John at The Dorfman (National Theatre)
3rd February, 2018
“It’s like miniature shit”
And sadly, it is, despite many favourable reviews. Young couple Jenny (Anneika Rose) and Elias (Tom Mothersdale), heading back to Brooklyn after spending Thanksgiving with Jenny’s parents, stop off at a bed and breakfast in Gettysburg, Pennsylvania which is a tourist site of Civil War conflict and carnage.
We have already met the oddball Mertis (American actress, Marylouise Burke), who has rooms called after Andrew Jackson, Abraham Lincoln, and Joshua Chamberlain. As the guests quarrel, Jenny spends more time with Mertis and her blind friend Genevieve (June Watson), bonding over a bottle of wine, talking about love. The lovers argue again; the women talk. Over red wine, Mertis’s blind friend, Genevieve explains her journey to make peace with that inescapable gaze, how she’s come to feel that watching as a kind of acceptance. Amidst all this are prolonged periods of silence whether for reflection, unexpected consequence or inability to verbally expand or engage. To indicate the close of an act, Mertis pulls the stage curtains together.
Chloe Lamford’s detailed set integrates with every theme in the play. A central staircase climbs high to the unheated, possibly haunted guest rooms; a dining area aspires to be Parisian; a grandfather clock marks the passing of time yet controlled by Mertis; every wall and surface at this weird establishment is crammed with knickknacks and glassy-eyed dolls; a mini-Wurlitzer jukebox. Even a self-playing pianola bursts into chirpy melody without warning. The Hitchcock setting promises so much, despite its contrived nature.
On the surface nothing much happens but this is not Waiting for Godot. “Everyone knows someone named John” declares Mertis perhaps alluding to John Doe, symbol of the American Everyman. Director James MacDonald’s production is minutely detailed, and, in true Annie Baker style, slow but despite my patience, ultimately boring.
The play runs to three hours and twenty minutes, with two intervals, one of which is partially seized with a front of curtain speech by Genevieve, who has begun the second act with the words “That was around the time I went crazy, ” and now breaks the fourth wall to explain the seven stages of her madness,”Imagine that,” she adds solemnly. “Sitting in the centre of your own life with no thoughts at all about what other people are thinking.”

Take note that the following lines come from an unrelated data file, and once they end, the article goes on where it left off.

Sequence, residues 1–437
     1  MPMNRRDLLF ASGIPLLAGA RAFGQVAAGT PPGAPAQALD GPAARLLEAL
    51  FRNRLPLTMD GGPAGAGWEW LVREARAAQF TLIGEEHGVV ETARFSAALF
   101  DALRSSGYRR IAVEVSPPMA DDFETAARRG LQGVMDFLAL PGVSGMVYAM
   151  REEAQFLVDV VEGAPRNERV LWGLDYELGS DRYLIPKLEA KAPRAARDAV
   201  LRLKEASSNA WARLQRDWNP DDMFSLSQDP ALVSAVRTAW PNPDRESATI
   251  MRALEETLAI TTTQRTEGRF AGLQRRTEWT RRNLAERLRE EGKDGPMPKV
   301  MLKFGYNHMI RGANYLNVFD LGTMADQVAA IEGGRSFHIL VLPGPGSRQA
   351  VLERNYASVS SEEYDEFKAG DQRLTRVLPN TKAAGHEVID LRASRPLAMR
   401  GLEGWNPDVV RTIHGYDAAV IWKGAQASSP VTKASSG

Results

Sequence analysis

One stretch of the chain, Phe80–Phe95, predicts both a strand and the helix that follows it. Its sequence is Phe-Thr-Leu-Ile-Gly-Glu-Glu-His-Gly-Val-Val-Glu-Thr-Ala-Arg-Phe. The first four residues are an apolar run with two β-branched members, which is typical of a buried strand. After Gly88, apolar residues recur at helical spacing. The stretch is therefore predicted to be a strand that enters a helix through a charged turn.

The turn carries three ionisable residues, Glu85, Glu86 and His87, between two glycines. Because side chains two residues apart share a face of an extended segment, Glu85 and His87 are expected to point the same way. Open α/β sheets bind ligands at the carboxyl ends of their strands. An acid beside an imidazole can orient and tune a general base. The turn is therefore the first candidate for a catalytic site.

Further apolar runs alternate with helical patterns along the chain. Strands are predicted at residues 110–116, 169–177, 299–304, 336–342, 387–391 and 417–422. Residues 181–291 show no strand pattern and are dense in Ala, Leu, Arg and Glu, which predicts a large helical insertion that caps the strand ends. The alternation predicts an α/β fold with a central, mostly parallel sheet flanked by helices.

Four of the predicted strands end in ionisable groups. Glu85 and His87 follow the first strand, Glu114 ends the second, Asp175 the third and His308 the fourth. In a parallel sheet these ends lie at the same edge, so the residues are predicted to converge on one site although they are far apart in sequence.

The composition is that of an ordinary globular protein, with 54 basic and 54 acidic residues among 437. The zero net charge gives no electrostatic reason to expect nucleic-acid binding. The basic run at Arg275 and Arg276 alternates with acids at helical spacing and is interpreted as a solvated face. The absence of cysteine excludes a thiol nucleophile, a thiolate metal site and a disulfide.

Annie Baker’s renowned drama The Flick was seen at this same theatre in 2016 and won last year’s Critics Circle Theatre Award for Best Play. It also picked up the Pulitzer prize in New York. As a result, we could sense the buzz of expectation of Baker fans around us, some enthusing at the intervals; others, like us, disappointed. Conversations drift in and out of focus so that we accumulate information but are denied interpretation. The tedious writing meanders along with little depth or character enrichment. We no longer care whether Mertis’s husband, George even exists or why she talks of the rooms upstairs existing only occasionally. However, the actors do their best with a limp script.
Essentially, the play is about storytelling: the stories we tell ourselves and the lies we tell each other; our loneliness. John is American for ‘toilet’ and that’s where the play belongs. So this is one self-indulgent narrative that I won’t be sharing.